I also met 17-year old Luqman – the most emotional part of my journey, but also perhaps the biggest privilege. Luqman had supported his family since the age of 13 by working six days a week and refusing to be tempted by quick routes to making money because “he was a Muslim and wanted to show people that they’re good and kind hearted”. Luqman wanted to become a social worker and “give back to society” – but I couldn’t help but wonder what society had given him.
After spending time with Luqman, I questioned the extent to which statistics were an accurate representation of how well communities were doing: Luqman’s definition of a successful man was someone who supported and cared for his family, so they “had food” and “could wash their faces with hot water” – whereas in my eyes, his success was immeasurable. He made me reflect on all the years I had spent working with young people from deprived areas – and it struck me that this was an issue of social mobility in Britain rather than anything to do with ethnicity at all.
Another important revelation for me whilst making this film was that 70pc of all British Pakistanis are from one small region in Pakistan – Mirpur. As my family migrated from the bigger cities of Pakistan, I realised that the history of our immigration stories also impacted on how we settled in the UK. I travelled back to Mirpur to find out why our experiences were so different, despite both being Pakistani. There, I met a grandfather, who was one of the first wave of immigrants to Britain in the 1960s, and some younger British-Pakistanis who are now making that same epic journey in reverse – returning to Pakistan from Britain in search of a better life there.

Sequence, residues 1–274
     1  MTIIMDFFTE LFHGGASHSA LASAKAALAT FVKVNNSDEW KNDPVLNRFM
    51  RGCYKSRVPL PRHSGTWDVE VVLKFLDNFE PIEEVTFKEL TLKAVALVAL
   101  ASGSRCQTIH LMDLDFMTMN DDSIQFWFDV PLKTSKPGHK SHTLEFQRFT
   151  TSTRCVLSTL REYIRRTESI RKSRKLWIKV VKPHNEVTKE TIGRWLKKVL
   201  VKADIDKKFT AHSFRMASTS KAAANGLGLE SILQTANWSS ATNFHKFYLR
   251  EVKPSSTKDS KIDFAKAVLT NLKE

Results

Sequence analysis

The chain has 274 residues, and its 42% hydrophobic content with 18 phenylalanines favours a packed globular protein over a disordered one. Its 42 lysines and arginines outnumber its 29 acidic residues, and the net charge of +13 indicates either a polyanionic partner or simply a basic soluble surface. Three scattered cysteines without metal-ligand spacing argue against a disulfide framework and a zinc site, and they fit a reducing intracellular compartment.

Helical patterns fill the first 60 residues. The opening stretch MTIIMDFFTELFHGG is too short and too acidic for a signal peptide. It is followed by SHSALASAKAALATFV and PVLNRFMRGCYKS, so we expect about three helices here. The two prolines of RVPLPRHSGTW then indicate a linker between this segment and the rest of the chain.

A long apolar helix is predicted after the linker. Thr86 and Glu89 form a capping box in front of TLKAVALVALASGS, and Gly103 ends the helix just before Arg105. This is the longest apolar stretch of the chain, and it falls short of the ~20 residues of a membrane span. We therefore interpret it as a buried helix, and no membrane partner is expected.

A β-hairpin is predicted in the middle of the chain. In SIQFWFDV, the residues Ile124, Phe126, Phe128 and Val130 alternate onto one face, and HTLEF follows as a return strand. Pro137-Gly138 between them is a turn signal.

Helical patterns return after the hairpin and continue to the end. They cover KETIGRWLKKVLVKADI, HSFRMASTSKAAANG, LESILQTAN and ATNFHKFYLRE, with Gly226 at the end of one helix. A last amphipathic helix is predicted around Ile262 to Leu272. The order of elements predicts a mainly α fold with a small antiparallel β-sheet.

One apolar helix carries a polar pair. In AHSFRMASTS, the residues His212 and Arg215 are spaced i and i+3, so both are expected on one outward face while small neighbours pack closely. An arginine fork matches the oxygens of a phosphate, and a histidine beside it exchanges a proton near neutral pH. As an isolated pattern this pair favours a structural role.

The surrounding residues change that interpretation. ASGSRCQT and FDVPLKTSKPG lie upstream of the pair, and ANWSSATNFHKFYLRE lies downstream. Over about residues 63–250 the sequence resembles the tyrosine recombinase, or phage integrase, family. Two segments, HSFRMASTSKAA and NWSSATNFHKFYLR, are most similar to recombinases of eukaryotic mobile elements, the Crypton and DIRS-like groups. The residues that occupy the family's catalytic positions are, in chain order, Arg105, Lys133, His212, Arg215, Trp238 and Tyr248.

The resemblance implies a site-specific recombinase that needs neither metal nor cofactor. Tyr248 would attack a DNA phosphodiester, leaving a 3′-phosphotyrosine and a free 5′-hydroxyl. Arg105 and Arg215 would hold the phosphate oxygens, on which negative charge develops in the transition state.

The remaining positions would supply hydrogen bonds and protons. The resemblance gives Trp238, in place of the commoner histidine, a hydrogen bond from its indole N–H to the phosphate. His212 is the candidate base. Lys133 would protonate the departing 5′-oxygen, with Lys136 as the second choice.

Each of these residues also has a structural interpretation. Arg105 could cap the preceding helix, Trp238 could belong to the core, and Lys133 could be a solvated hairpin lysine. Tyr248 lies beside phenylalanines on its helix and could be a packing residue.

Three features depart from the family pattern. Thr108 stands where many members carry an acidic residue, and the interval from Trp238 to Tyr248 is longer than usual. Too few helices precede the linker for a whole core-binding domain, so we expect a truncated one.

Along with exploring the British Pakistani story, I also travelled to Leicester and spent time with British-Gujaratis like Paven, who is following in his family tradition of entrepreneurship. And I spoke to Parle who is building a career as a writer and performer with online videos that playfully satirise some of the stereotypes within his own community. I talked to them about the expectations placed on young Asian men in Britain, and the link between financial security and cultural openness.
The filming of this project was challenging, emotional and insightful, but I knew I had to keep my end goal in sight. I wanted to humanise the faces of the boys who are battling to find their place in the world and highlight some of the challenges they come up against, by giving them the rare chance of sharing how they feel in their own words. Ultimately, if this film just gets the conversation started and sparks debate, I would consider that a great success.
Lost Boys? What’s Going Wrong For Asian Men will air on BBC Two on Sunday 12 August at 10pm